2010 Big Basin Vineyards "Paderewski Vineyard GSM" Paso Robles Rhone Blend

SKU #1122130 95 points Robert Parker's Wine Advocate

 The 2010 Paderewski Vineyard is strikingly beautiful. A blend of Syrah, Grenache and Mourvedre, the 2010 impresses for the way it expresses the richness of Paso Robles fruit, but in a more refined, vibrant style than is typical of Paso. The new oak is beautifully balanced here. It is absolutely fascinating and eye opening that this wine tastes nothing like the wines being made in Paso from the very same site. This is a wine of pure finesse and elegance above all else. All of the fruit was picked between October 21 and 29. Anticipated maturity: 2012-2020. I tasted a bevy of gorgeous wines with proprietor Bradley Brown this year. These new and upcoming releases are impeccable and strongly suggest Brown is one of the up and coming stars of the region. I can hardly wait to see how his wines develop in the future. Most of the 2010 Pinots were harvested during the first week of October, on the late side that year. The wines spent 16 months in French oak, between roughly 40-60% new. The 2009 Syrahs were picked during a broad window that started in early October and lasted much of the month. Brown gave his 2009 Syrahs about 27 months in French oak, from 50-86% new. I also tasted a number of wines from barrel, most of them 2010 Syrahs and Syrah-blends. Today, those wines are very promising, as the cold 2010 vintage seems to have brought out the maximum in varietal definition and nuance.  (8/2012)

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Price: $54.99

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- One of France's noblest black grape varieties, Syrah is known for its intense and distinctive perfume reminiscent of briar fruit, tar, spice and black pepper and its firm structure. One of few black grape varietals frequently vinified on its own, the best examples of Syrah come from the Northern Rhône, particularly Hermitage, but also Côte-Rôtie, Cornas, Crozes-Hermitage and St-Joseph. These wines are very astringent in their youth, though some Crozes-Hermitage and St-Joseph can be enjoyed young, relatively speaking. Given the requisite patience, though, these wines can reveal amazing complexity and secondary fruit characteristics like plum and blackcurrant as well as subtle hints of smoke and flowers. In the Southern Rhône, Syrah is used to add structure and complexity to wines dominated by Grenache and complemented by Mourvèdre, like the more immediately drinkable Côte du Rhônes, as well as the long-lived wines of Châteauneuf-du-Pape. In recent years, plantings of Syrah have spread throughout the Languedoc-Roussillon where it is produced on its own or blended with other varietals. Outside of France, the most important Syrah growing country is easily Australia, where it is called Shiraz. Quality levels here depend greatly on yields and geography, and the wines range from bold, fruity and easy-drinking to intense and ageable, like the famed Penfolds Grange. Often bottled on its own, in Australia Syrah is also can be blended with Grenache and Mourvèdre, as in the Southern Rhône, and is increasingly combined with Cabernet Sauvignon. Syrah has also been steadily increasing in popularity in California, thanks to a group of advocates called the Rhône Rangers. Its most successful iterations come from the Central and Sonoma Coasts, where winemakers are pushing boundaries and creating some incredible wines. In recent years Syrah has also found a number of proponents in Washington State, which is definitely a region to watch for this variety.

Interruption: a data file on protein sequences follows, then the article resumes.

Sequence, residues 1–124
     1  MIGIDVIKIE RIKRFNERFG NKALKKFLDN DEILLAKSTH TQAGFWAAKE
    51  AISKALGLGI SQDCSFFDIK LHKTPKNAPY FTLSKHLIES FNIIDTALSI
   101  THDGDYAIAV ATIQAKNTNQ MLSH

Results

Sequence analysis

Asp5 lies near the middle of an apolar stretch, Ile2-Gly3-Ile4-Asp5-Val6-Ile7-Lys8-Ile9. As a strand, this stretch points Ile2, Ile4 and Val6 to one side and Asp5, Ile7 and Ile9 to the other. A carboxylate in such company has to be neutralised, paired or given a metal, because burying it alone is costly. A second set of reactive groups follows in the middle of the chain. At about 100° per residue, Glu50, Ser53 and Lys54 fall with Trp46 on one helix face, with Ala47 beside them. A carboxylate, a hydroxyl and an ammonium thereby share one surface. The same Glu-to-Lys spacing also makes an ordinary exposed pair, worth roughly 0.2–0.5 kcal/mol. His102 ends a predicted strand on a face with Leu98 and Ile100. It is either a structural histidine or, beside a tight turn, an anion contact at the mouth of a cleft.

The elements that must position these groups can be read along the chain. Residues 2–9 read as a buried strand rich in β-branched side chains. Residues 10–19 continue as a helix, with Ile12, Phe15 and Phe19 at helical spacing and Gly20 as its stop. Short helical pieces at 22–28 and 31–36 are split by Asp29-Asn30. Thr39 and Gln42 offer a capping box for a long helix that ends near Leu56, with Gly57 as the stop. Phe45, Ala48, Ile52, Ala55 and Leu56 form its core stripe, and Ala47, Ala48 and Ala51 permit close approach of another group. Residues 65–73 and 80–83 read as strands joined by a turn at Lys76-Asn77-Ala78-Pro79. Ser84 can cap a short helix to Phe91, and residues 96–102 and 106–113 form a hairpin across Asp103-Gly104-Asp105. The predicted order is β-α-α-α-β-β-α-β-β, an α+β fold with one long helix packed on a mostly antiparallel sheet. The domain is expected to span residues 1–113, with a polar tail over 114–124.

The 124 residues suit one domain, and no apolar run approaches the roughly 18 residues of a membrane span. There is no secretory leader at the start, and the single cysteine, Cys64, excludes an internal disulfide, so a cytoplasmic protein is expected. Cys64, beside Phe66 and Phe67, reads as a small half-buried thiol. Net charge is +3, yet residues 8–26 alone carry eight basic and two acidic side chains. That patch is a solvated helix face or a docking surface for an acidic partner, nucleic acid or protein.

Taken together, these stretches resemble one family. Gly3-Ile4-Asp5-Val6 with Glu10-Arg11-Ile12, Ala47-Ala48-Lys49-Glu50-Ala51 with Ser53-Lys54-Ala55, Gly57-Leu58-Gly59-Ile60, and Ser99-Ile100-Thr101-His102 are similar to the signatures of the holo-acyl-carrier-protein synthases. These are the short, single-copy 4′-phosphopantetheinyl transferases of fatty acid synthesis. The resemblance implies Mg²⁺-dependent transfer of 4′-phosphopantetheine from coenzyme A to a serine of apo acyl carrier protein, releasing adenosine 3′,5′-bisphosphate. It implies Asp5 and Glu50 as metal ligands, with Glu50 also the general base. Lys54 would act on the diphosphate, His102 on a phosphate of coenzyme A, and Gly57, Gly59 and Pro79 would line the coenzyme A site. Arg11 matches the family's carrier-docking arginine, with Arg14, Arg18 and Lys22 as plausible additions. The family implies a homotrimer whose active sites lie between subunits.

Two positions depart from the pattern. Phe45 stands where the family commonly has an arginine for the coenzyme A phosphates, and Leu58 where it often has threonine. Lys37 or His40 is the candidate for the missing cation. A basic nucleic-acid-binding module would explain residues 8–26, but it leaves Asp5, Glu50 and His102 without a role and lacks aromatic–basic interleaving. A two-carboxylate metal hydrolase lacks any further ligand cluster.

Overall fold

United States

- When people consider domestic wine, they normally think about the state of California. The fine viticultural Region within California, including the Napa Valley, Sonoma, Santa Cruz Mountains, Mendocino and Santa Barbara, are capable of growing grapes of world-class quality. But there's plenty of fabulous wine coming from other states, too. Oregon, Washington and New York are also causing eyebrows (and glassware) to be raised around the world. Click for a list of bestselling items from the United States.


- With the explosive growth that California's wine industry has seen the past several years, it's easy to view winemaking and grape growing in the Golden State as a recent phenomenon. And while it's true that California's viticultural history is brief compared to several European countries, this state's roots date back well over 200 years. Due to the enormous response to California wine within the United States and worldwide, there are thousands of excellent and diverse wines being produced within the state each year. For our entire selection of California wines, please visit this link.
Specific Appellation:

Monterey/Carmel Valley

- These heavily planted regions on either side of the vast Salinas Valley account for much of the mass-produced, commercial wine sold in supermarkets nationwide. In the hills, however, and in sub-AVAs like Chalone and Santa Lucia Highlands, quality is much higher. Pinot noir and chardonnay look to be particularly promising.